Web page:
Biographical Minute: Charles Valentine Riley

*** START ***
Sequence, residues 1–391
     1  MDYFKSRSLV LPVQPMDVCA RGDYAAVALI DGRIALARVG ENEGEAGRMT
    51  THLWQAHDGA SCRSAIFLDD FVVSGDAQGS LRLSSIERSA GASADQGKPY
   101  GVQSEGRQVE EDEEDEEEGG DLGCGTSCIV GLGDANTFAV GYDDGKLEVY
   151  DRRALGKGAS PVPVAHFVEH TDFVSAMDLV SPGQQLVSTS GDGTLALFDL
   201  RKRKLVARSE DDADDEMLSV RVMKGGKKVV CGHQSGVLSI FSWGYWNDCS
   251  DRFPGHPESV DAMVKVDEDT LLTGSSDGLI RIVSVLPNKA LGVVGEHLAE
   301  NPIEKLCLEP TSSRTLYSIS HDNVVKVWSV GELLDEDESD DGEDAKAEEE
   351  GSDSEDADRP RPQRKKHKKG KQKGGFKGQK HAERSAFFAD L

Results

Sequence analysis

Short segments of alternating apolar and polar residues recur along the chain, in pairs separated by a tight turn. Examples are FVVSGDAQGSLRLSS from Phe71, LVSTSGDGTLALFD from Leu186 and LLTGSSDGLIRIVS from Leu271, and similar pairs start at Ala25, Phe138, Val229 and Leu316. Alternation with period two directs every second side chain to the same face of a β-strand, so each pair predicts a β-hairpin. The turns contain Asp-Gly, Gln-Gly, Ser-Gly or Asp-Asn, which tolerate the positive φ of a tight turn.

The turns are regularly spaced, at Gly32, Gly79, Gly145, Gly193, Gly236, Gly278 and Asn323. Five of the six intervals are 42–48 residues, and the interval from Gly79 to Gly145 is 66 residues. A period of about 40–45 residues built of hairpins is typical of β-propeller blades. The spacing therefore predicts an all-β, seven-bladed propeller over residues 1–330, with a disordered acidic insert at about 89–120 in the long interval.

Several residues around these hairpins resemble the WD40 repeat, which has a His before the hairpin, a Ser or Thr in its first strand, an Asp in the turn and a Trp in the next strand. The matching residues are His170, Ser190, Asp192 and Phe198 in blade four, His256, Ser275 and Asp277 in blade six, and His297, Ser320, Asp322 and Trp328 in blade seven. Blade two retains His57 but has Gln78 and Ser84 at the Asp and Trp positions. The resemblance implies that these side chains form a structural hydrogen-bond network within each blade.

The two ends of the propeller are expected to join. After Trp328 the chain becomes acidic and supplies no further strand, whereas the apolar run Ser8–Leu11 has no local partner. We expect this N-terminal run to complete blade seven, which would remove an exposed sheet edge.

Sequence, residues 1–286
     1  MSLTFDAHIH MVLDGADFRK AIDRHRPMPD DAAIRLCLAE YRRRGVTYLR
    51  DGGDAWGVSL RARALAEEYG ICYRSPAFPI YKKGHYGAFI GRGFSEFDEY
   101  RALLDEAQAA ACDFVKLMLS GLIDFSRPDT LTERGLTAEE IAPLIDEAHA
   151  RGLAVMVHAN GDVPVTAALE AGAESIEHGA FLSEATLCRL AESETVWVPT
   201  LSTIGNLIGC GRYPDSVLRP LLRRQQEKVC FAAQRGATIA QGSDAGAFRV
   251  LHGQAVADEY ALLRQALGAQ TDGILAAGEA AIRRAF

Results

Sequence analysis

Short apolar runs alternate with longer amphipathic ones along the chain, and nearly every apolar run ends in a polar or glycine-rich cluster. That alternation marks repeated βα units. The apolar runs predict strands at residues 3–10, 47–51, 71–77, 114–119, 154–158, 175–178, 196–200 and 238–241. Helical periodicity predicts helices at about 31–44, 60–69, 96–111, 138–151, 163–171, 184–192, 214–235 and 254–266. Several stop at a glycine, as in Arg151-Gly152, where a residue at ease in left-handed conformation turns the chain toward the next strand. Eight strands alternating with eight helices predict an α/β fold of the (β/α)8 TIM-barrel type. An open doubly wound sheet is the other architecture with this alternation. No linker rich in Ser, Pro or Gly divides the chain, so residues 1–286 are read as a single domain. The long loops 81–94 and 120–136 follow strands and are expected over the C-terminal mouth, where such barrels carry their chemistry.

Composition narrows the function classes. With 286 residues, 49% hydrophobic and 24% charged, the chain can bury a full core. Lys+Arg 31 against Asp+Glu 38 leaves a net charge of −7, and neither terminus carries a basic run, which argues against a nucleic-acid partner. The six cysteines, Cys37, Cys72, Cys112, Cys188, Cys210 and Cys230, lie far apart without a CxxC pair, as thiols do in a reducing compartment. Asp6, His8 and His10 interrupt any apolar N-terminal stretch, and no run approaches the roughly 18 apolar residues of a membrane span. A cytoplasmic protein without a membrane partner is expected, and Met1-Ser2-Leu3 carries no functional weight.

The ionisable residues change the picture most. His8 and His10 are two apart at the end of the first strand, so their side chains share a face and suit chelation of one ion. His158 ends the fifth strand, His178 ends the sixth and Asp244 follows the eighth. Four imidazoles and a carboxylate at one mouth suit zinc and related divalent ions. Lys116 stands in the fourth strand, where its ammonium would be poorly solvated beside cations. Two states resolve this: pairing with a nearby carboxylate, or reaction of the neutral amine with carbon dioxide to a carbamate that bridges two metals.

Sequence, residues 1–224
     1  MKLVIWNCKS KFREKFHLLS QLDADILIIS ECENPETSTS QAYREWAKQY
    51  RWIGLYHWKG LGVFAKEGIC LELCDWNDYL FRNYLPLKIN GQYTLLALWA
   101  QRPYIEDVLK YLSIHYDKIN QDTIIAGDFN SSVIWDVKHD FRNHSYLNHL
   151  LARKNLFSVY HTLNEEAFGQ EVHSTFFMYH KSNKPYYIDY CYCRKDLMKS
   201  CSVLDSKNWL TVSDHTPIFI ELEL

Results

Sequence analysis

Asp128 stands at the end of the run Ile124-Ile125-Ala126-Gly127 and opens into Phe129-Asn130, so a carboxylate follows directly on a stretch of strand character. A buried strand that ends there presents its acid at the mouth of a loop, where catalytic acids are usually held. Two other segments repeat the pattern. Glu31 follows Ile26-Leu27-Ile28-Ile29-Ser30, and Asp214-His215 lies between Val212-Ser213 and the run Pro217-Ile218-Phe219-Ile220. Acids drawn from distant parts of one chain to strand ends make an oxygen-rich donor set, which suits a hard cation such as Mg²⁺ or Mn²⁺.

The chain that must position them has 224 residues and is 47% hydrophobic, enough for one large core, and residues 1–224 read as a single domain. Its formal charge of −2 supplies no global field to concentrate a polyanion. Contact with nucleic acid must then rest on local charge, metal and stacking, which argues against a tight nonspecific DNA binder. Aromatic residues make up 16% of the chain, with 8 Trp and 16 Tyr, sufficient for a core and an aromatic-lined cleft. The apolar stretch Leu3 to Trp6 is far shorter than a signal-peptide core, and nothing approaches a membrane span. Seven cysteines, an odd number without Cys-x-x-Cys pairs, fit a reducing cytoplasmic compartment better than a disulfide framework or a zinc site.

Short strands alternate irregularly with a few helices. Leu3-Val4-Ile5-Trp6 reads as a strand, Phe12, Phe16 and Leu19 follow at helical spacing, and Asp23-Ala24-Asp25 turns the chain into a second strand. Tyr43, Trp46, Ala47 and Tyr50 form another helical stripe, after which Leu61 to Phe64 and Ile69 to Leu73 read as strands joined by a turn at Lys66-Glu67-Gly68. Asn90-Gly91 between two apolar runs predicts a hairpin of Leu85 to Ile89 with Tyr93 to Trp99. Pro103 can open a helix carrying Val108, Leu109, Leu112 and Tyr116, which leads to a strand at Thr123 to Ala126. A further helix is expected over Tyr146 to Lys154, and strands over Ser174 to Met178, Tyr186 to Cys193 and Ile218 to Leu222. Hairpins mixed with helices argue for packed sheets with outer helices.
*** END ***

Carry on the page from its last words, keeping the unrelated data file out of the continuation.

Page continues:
In advance of the upcoming Book of the Week by American entomologist Charles Valentine Riley (our 6th degree as generously provided by Robin Everly, Botany-Horticultural librarian at Smithsonian Libraries), here’s a brief primer on his contributions to biodiversity. His resume is long and includes improvements to the French wine industry as well as the citrus crops of the US. Chief among his pursuits was biological pest control. Just before industrial pesticides created their own large scale sets of woes, he was one of the first to successfully practice the introduction of natural predators to pests compromising crops near the end of the 19th century. In 1889, California citrus groves were resuscitated when Charles V. Riley took advantage of Rodolia Cardinalis’ appetite for Icerya Purchasi. The vedalia beetle ate the cottony cushion scale who was eating the crops. Riley also figures prominently in the development of the USDA’S Entomological Commission and was the first curator of insects at the Smithsonian Institution. And tragically, his death at an early age was a result of a bicyle accident resulting in a fractured skull.